Support Languages

November 26, 2004

My current fascination with support (and incorporating Agile approaches into support processes), suddenly chimed with the MPS system (from JetBrains) that Martin Fowler was talking about.

The basic unit of business value is the Story. Stories are written for all functionality, but they can also be used for issue reporting. The process by which a defect is reported can often be poorly communicated, leading to unclear (and therefore unreproducible) issue reports.

Issue reporting would benefit from pairing (all issues could be written up jointly by reporter (the customer) and support analyst. The offspring from this pairing would be a well written issue story.

Can we provide any tools that would allow this story to be written in an effective way? It seems to me to be an ontological issue – if we have a vocabulary which describes all aspects of a system, then we can start to write bug reports using that vocabulary. This language could appear very similar to the language used to describe functional tests. For instance [using Java and the Abbot framework] if you had written the following functional test (created during an early iteration of the software)

class LoginRequirement extends ClientFunctionalTest {

public void testSuccessfulLogin(){

LoginScreen login = new Login Screen();

login.enterUserName( “jim01” )

login.enterPassword( “password” )


MainScreen main = new MainScreen(); //asserts that MainScreen is showing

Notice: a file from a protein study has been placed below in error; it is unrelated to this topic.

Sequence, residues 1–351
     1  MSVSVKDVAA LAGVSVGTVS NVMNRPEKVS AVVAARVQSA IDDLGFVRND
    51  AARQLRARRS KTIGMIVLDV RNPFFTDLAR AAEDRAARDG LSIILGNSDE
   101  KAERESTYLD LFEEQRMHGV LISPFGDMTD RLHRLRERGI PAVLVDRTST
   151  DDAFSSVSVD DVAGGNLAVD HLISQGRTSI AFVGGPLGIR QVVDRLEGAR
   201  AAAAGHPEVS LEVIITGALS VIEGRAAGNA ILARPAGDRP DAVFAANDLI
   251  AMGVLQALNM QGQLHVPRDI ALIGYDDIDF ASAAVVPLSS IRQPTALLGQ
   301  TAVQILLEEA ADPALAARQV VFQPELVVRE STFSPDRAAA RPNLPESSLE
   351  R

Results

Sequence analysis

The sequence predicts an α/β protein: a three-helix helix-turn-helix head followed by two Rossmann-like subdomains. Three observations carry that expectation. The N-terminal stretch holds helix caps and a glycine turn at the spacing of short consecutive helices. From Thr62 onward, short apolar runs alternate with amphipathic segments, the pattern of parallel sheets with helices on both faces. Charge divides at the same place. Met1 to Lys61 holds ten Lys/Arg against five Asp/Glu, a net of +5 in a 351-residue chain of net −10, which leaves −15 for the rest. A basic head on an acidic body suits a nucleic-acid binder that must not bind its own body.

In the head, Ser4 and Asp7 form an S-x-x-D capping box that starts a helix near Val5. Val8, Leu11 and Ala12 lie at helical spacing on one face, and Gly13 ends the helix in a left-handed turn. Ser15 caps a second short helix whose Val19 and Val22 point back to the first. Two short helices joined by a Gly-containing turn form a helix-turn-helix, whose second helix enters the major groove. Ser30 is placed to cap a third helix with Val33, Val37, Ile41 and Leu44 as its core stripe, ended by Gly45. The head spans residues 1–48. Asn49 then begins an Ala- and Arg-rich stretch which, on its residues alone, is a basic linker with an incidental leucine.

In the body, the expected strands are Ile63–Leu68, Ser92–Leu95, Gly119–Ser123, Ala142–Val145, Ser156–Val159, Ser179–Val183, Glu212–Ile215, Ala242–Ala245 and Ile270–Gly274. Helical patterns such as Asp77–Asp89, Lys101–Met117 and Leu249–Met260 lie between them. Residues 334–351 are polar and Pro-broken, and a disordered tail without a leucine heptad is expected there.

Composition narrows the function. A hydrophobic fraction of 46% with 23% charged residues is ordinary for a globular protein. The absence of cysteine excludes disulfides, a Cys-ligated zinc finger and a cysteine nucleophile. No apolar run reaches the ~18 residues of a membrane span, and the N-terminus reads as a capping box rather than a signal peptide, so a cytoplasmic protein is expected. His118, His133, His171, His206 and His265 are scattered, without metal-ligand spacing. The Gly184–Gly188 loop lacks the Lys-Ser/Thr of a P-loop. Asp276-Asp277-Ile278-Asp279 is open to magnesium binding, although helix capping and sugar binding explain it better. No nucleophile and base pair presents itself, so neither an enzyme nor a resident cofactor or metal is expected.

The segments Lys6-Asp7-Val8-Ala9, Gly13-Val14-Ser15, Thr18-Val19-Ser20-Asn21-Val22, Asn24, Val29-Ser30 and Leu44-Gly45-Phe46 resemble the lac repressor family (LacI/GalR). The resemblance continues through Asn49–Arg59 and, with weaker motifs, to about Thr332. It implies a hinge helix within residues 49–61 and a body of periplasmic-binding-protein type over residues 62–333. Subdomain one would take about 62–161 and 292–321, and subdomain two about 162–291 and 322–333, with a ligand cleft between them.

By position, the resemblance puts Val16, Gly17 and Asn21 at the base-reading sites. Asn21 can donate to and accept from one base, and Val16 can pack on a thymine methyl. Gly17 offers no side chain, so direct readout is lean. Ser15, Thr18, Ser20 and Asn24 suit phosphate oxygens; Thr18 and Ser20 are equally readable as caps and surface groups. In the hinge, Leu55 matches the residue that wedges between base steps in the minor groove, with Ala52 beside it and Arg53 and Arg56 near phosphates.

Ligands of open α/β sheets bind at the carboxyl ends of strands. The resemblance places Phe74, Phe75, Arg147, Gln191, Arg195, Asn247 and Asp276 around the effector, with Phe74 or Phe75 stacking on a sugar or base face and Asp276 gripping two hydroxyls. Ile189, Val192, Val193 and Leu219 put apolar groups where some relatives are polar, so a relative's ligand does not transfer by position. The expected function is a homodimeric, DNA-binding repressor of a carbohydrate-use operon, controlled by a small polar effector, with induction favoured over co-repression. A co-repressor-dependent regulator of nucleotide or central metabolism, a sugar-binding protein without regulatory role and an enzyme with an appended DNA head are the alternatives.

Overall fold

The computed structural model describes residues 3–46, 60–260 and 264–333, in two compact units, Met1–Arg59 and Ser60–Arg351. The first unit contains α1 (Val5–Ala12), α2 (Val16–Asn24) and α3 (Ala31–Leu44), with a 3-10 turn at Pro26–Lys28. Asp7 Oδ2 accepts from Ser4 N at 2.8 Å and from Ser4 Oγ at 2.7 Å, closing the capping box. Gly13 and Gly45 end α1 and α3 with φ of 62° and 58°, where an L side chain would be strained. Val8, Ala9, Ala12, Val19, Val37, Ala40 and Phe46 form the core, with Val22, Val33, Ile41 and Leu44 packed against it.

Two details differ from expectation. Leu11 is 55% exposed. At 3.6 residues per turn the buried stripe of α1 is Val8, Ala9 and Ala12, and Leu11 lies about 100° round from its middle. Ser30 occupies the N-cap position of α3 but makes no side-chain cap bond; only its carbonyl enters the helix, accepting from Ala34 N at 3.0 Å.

you could express a reproduction of the bug in a similar way, albeit with indication of the failure points:

LoginScreen login = new Login Screen();

login.enterUserName( “jim01” )

login.enterPassword( “password” )


/** @language = support

fail( new ErrorScreen(“NullPointerException”) );


This has obvious limitations:

  • a knowledge of Java is required
  • a knowledge of the Abbot screen objects
  • non-functional requirements can’t be expressed easily (e.g. performance)
  • knowing where to express environmental context (e.g. time of day, which version of software, IP address of client, etc)

We can generalise these issues:

  • The story markup language
  • Ontology of the application
  • Issue-tracking related concepts

There are many possible story markup languages. Some will deal with distributed enterprise applications. Some will deal with rule based systems. Some will deal with user interface design. An “overdue library book” in the ontology can be expressed in each of these languages – by a database row, by a business rule, by a screenshot. The language used to express story cards uses all of these languages – and they should be linked together.

A general support language would be used across multiple applications and domains. A enterprise application language is useful to engineers. An EPOS language would be useful to retail system analysts. Linking these languages together would bring true domain driven design closer. Languages such as UML, Java, Junit, XSD, are just mechanisms for representating part of the ontology. Collectively this concept is known as meta-programming, or language oriented programming, or even literate programming.